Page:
If the Cats are to avoid losing to Melbourne for a third-straight time, they’d have either Port or the Bulldogs waiting for them on Grand Final day. The Power have mauled Geelong in each of their last two Finals matches, while the Cats required an after-the-siren Gary Rohan goal to beat the Dogs in Round 14.
Yes, Port’s pronounced proclivity to lose against potential premiership prospects has been well publicised. Yet, what’s too often ignored is the club’s ability to routinely annihilate inferior opponents, the likes of which have put them in the driver’s seat to return to their first Grand Final in 14 years.
While this club has built an immense list, and indeed has been able to produce the occasional strong performance against a top team, recently demolishing Geelong by 43 points in the qualifying final, there’s some undeniable doubts as to whether this will be the year they add a second AFL premiership to the club’s glittering trophy cabinet.
They take a 7-game winning streak into their match with the Dogs, though the jury is still out on whether Port can go all the way without their key forwards getting on top when it matters.
While it’s become fashionable to sight the diminishing importance of key forwards in the modern game, the reality is precious few premierships are being won these days without serious impact from big players inside 50.
Since 2010, only 3 teams have been able to win it all without being ranked within the top-4 for marks inside-50 with Sydney (2012), the Bulldogs (2016) and West Coast (2018) the only exceptions.
This season, Port ranked just 8th in the league generating 11.7 marks inside 50 per game and were just 5-4 in games when they took less than 12 marks inside the arc. This is a serious concern for the club, the likes of which bit them in the finals last season when they managed a paltry 9 total marks inside-50 over their 2 games.
Finals pressure does ramp up substantially, and a big outlet up forward can be the difference between winning the flag or going home early. Which brings us to Charlie Dixon. His recent finals form has been alarming kicking just 2 goals in his last 3 matches while averaging a minuscule 3 marks per contest. His likely opponent this week, Alex Keath, has conceded just two goals to direct opponents over his last 4 matches and lost just 18.3% of his one-on-one duals during the home and away season which was the 6th best return in football.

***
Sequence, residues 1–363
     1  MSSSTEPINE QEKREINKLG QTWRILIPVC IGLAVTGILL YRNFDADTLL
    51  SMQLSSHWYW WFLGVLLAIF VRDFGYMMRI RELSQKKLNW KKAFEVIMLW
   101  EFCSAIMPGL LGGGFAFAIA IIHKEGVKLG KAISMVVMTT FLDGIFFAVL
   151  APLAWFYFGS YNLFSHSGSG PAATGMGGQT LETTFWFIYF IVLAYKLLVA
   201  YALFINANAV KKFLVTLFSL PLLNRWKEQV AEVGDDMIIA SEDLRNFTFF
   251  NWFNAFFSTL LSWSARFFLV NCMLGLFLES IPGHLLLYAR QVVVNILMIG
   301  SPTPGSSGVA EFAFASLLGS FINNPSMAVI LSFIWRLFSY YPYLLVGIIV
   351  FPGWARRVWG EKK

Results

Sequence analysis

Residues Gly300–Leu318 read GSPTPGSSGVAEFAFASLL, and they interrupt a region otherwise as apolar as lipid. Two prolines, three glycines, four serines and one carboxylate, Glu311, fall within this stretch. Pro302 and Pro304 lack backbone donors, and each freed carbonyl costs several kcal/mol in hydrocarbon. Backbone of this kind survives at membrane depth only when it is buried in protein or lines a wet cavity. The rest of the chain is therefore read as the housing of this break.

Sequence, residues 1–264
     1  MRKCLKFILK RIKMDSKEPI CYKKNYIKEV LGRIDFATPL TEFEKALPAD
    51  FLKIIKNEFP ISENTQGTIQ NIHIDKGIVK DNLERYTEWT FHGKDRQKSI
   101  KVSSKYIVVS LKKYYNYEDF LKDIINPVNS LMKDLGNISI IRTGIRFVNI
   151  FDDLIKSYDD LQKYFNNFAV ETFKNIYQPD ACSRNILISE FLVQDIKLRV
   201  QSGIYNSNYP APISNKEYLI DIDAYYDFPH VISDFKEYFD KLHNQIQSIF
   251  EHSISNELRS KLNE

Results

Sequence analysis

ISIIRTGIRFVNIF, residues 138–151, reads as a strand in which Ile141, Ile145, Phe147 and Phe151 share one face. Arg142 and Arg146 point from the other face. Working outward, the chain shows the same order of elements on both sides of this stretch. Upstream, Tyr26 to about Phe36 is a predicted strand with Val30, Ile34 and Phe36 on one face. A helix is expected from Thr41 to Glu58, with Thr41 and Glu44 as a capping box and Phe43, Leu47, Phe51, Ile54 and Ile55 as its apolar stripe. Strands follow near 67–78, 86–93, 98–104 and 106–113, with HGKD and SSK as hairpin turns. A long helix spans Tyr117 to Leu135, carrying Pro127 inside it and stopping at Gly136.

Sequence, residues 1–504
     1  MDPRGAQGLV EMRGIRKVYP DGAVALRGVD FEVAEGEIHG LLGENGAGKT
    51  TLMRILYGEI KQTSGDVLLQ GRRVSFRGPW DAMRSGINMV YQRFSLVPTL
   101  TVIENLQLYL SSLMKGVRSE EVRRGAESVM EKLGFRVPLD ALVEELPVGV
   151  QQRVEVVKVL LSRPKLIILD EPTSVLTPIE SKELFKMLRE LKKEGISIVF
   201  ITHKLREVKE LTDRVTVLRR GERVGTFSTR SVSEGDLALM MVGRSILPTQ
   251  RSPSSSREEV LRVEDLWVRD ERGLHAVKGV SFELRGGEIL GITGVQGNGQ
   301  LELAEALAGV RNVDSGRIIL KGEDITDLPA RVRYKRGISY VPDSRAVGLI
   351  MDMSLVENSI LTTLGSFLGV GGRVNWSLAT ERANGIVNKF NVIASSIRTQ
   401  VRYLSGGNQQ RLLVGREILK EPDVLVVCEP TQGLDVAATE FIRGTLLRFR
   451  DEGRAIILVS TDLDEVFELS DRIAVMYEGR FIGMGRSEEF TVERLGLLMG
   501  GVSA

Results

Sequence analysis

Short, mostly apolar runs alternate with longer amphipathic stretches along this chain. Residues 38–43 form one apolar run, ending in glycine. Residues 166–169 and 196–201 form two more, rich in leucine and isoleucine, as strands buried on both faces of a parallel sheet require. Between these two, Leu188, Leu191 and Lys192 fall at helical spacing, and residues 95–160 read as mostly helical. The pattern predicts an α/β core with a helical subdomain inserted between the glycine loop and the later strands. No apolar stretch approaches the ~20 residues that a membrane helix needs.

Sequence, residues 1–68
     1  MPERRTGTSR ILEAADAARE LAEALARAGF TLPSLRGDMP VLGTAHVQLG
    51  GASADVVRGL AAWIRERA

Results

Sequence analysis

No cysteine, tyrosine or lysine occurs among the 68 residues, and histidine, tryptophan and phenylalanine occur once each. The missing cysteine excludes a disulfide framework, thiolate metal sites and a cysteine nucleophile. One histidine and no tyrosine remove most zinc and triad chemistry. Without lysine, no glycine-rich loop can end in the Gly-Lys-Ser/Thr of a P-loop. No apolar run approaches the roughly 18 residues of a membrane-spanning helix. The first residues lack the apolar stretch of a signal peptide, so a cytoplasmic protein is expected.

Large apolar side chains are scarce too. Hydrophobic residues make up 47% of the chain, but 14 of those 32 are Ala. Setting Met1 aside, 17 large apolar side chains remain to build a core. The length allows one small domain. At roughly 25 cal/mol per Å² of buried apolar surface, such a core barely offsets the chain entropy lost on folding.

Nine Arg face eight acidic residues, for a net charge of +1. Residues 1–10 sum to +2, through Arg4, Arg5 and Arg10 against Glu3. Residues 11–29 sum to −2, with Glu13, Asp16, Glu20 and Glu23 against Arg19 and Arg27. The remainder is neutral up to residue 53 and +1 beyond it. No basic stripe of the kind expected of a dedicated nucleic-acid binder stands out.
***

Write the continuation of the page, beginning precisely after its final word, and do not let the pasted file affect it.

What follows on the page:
While yes, Port are in their second consecutive preliminary thanks to their beastly midfield powered by Brownlow favourite Ollie Wines and Travis Boak, and thanks to an Aliir Aliir-led lights out defence that’s conceded just 58 points per game during its current 7 game winning streak. Their ability however to take another step or two might come down to whether Dixon can step up in the biggest moments.
Of the four remaining teams, the Western Bulldogs are the most recently minted premiership winner. Despite a spectacular collapse late in the season, becoming the first club in history to be leading the ladder after round 20 yet failing to secure a double chance, the Dogs have been able to dust themselves off with two brilliant finals wins which have earned them a preliminary final appointment.
They do however remain the rank outsider of the field, in large part due to the fact the Dogs will likely be without Marcus Bontempelli who might just be the very best player in the entire sport.
The 4-time All-Australian’s brilliance speaks for itself, however the Dogs have rarely had to contemplate life without him owing to his exceptional durability over his 8-season career. In fact, since being eligible to play since the start of 2014, he's missed just 11 games with the club losing 8 of those encounters.
The Bulldogs skipper has played 70 straight matches and been an instrumental leader within a team that’s now the league's best remaining attack. He led the club for inside 50’s and score involvements while generating 45 scoring shots himself which was the club’s 3rd highest return.
Port will revel in the fact they might not have to prepare for one of the league’s most destructive talents. In his career Bontempelli has produced 19 games where he’s collected at least 26 disposals and kicked multiple goals and the Dogs have saluted in 18 of those assignments. It’s the kind of performance he delivered the last time the Dogs played Port in South Australia and indeed won, and the kind of performance their progression might be halted by owing to their lack of access to this phenomenal resource.